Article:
Actually, I believe that God has given us many resources for renewal, if we will receive them. There is the wonder of the creation itself, of course, and the care of each other. However, I believe that among the most powerful resources are art, music, drama and poetry. This is one reason why our emphasis on the arts in this parish is so important. These are not the luxuries of life, but God’s gifts to us as we journey on together – things which express our feelings and lift our hearts.

And, of course, prayer and meditation also give us rest and recreation.

The French anthropologist Arnold Van Gennep, talks about us being called to be “Liminal” people, participants in “an ambiguous, sacred, social state in which a person or group of persons is separated for a time from the normal structures of society.” We may sometimes feel as though we are on the margins of society, as we take our stands on some justice issues, but Gennep suggests that we may actually be people who are on the threshold of good change – the “Liminal” people. This is not always a comfortable place to be and many people down the ages have paid a huge price for standing there.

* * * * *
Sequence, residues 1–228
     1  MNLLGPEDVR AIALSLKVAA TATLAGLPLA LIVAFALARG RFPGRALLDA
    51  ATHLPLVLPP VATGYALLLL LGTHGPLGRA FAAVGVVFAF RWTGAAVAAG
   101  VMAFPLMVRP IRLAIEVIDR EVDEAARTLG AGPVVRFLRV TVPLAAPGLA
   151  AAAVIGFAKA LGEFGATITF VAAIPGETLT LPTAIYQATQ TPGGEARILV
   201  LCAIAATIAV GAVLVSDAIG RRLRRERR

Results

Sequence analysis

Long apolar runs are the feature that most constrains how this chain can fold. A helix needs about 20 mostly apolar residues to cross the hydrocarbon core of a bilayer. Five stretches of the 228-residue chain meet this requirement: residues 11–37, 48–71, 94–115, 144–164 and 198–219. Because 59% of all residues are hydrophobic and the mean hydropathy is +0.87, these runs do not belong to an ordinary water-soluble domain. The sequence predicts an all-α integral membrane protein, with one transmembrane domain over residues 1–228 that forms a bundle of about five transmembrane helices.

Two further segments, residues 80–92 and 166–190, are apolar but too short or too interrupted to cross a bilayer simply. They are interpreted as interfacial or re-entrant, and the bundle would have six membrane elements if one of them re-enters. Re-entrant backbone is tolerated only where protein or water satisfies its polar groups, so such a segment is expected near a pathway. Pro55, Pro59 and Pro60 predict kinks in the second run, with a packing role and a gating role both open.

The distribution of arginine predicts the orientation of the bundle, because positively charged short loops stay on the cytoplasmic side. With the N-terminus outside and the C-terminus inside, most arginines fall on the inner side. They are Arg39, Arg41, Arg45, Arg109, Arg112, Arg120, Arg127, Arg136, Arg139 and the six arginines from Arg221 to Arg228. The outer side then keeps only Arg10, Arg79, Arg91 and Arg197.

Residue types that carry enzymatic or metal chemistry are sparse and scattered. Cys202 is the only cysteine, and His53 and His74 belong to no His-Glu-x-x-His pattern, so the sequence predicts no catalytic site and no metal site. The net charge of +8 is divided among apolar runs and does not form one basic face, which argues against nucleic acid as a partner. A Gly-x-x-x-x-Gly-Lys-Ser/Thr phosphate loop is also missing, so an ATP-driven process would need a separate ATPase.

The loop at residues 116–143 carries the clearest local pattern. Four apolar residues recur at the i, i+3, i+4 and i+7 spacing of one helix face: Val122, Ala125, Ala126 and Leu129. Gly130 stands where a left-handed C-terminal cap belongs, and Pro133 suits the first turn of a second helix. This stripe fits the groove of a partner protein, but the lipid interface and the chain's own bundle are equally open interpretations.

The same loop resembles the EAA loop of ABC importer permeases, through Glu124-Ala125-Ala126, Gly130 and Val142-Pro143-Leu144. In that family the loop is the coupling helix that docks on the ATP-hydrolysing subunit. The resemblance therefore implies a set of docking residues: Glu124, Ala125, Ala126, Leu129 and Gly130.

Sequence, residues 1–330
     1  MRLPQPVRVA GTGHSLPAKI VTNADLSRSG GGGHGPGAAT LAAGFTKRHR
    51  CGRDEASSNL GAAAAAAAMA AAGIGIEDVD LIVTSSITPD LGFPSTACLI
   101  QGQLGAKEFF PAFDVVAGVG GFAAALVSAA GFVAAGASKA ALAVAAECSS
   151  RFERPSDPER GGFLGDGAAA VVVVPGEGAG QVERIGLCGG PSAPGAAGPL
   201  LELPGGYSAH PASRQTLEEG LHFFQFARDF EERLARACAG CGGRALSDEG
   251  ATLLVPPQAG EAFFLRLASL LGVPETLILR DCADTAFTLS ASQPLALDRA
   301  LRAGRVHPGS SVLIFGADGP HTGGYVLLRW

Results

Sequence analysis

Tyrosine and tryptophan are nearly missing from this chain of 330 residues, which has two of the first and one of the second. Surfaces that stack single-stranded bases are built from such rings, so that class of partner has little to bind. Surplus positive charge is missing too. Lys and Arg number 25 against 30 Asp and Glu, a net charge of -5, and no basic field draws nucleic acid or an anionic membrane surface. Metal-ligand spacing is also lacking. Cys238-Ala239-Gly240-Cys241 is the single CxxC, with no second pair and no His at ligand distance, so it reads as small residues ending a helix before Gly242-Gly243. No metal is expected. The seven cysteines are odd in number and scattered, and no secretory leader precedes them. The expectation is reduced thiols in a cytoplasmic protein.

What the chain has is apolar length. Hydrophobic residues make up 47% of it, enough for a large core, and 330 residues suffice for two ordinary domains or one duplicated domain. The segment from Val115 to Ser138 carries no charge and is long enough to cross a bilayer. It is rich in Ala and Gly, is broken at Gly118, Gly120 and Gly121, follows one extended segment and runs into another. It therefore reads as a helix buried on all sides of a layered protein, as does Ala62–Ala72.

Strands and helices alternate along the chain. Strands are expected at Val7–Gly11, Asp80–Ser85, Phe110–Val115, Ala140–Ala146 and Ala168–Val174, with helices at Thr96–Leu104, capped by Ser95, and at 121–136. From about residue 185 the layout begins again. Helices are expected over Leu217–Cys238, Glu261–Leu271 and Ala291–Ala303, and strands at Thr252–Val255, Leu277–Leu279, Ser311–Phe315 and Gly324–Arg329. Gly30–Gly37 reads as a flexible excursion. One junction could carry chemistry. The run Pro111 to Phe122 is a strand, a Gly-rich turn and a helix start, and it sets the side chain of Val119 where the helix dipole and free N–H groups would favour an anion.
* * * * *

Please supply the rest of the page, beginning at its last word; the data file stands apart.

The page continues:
Having been part of many movements for change over the years, together with others of my generation, I can testify that sometimes you do feel on the edge of society and quite vulnerable. I recall feeling like that when I faced my sexuality. But then, when I decided to step off the cliff and own who I was, I found myself flying rather than falling into an abyss.

When we consider the issues around boat people and refugees in general, we may be those who stand, with some others, on the margins of society. So many politicians over the last decades have invited meanness and fear in us in relation to refugees that we, who announce that we could be compassionate and share our country and resources with desperate people fleeing their home countries, may well find ourselves marginalized. But is taking that stand holding the sacred treasures in our hearts and lives? I believe that it is.